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2006 E350
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Discussion Starter · #1 ·
Hello all,

I have gone through past posts and have learned much of the hydralic torque converter / clutch system on my 406 tug. Thanks for the past posts.

I have a clutch pedal that takes considerable preasure to push in, (and it goes in very slowly and evenly), I place in gear, let the clutch out (pedal returns to rest quickly), then takes approximately 6 seconds for the 406 to start moving. Adding more throttle doesn't make it engage any quicker. I'm going to try to figure out how to bleed the system today, as this is my first Mog, and I need to order a Manual tomorrow.

Is the 6 second delay normal?

Chris
 

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mogless, except for my friends MB4-94. And a bunch of other diesel junk.
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1984 Mercedes 280GE LWB
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Hello all,

I have gone through past posts and have learned much of the hydralic torque converter / clutch system on my 406 tug. Thanks for the past posts.

I have a clutch pedal that takes considerable preasure to push in, (and it goes in very slowly and evenly), I place in gear, let the clutch out (pedal returns to rest quickly), then takes approximately 6 seconds for the 406 to start moving. Adding more throttle doesn't make it engage any quicker. I'm going to try to figure out how to bleed the system today, as this is my first Mog, and I need to order a Manual tomorrow.

Is the 6 second delay normal?

Chris
I have the torque converter transmission in my '75 406 and the clutch pedal should feel like any other with no unique delay. It's just that you need to apply accelerator pedal pressure before your truck moves out very fast. What happens if you come to a stop without de clutching? It should just come to a normal stop and then accelerate away again when you hit the gas pedal.
 

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78 406
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251 Posts
Yup, you got a swollen hose on your clutch, time to build one of these bleeder You may want to replace the rubber parts in the slave cylinder also, if the bore is good and clean, if not you will need the whole new cylinder. Mine blew out on the trail. These trucks aren't to bad without a clutch, they start up in gear real nice, but getting into high gears with not so good syncros can be tough. I put some of my spare wheel cylinder cups in to get my clutch going while I got the right parts, that worked great. I don't have the torque convertor, just the regular double clutch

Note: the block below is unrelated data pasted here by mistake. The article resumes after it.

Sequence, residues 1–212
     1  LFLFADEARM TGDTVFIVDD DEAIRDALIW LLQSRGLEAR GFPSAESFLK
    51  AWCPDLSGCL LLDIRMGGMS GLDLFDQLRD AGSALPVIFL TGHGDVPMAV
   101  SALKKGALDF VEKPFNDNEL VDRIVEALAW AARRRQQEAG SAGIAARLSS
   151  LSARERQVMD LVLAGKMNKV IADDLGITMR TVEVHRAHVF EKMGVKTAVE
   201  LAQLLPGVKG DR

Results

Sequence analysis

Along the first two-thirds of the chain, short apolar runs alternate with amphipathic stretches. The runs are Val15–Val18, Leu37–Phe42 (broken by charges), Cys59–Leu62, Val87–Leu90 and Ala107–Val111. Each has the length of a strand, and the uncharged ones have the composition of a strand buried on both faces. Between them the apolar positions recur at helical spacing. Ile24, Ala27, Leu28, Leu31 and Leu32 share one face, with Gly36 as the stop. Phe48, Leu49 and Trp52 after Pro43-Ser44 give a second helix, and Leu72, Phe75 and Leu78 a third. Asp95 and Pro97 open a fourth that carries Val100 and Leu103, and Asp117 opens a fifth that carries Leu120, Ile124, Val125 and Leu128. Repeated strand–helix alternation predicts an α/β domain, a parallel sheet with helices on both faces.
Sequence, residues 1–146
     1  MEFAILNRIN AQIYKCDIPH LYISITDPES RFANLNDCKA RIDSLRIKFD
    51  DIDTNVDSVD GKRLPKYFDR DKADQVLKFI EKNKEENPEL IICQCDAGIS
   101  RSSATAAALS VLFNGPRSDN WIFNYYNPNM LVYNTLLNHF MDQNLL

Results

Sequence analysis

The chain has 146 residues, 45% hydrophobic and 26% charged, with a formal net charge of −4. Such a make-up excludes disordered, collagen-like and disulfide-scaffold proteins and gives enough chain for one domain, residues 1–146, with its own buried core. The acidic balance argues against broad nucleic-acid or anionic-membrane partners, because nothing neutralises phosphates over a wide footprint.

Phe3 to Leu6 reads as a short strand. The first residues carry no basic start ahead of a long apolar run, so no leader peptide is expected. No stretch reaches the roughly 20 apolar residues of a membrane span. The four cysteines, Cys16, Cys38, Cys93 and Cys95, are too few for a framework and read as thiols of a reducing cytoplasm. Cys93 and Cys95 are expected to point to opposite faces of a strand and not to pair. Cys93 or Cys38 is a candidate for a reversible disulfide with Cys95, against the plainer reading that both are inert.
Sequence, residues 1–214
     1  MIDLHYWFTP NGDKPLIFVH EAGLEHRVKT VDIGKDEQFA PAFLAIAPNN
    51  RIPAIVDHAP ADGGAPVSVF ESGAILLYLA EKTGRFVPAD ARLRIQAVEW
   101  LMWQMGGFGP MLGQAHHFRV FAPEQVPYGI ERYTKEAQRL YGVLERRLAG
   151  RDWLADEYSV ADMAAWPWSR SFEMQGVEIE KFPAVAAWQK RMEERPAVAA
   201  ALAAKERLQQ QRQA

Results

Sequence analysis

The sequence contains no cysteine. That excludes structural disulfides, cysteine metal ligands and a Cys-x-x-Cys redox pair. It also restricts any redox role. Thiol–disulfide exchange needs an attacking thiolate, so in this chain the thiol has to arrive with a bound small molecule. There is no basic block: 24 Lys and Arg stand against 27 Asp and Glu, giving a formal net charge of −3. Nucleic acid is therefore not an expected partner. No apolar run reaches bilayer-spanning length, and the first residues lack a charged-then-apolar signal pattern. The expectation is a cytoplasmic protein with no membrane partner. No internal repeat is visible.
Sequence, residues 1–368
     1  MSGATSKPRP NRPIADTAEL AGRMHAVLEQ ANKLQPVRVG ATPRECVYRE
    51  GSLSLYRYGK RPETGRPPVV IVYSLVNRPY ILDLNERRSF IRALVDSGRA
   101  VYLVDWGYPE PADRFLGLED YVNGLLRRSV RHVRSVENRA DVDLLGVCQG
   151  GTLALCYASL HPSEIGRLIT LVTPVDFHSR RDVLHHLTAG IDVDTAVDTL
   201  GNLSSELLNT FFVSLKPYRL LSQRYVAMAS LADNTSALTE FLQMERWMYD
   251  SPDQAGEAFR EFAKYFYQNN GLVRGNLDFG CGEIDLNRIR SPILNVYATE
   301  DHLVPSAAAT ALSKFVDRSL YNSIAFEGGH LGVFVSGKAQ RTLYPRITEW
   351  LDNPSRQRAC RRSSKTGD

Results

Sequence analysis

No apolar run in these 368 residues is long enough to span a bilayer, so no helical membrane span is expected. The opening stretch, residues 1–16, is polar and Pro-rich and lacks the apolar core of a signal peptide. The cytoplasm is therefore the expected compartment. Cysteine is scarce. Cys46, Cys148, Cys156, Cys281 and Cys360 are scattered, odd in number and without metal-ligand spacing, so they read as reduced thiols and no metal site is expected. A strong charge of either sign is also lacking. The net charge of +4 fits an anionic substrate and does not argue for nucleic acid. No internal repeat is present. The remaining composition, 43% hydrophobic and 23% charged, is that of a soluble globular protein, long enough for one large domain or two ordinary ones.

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2006 E350
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38 Posts
Discussion Starter · #5 ·
Just got in from the garage. Thanks for the responses.

I traced out the clutch hydraulic lines and found the slave cylinder under the rubber boot cover for all the shift levers. I watched the slave cylinder push the throwout bearing lever as I pushed on the clutch pedal...It takes about 8 seconds for me to get the pedal to the floor. Then when I release it the pedal pops right back up but the throwout bearing lever slowly returns back...about 6 seconds. I bled the line and nothing has changed, however I noticed that when the throwout bearing lever is engaged and I crack the slave cylinder breeder, the bearing lever pops instantly back to rest position. I do believe that the issue is between the master cylinder and slave cylinder.

Would the swollen hose problem be noticeable to the eye? How do I isolate this problem further?

Chris
 

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78 406
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251 Posts
You simply have a swollen hose, very common on machines this old. No you can't see it from the outside. You need a new hose, that is all there is to it. The operation of bleeding like you did is the test for this condition.
 

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2006 E350
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38 Posts
Discussion Starter · #7 ·
Thanks, I'll replace both flex hoses (one up front and one at the slave cylinder) and get a repair manual while I'm at it.

Chris
 
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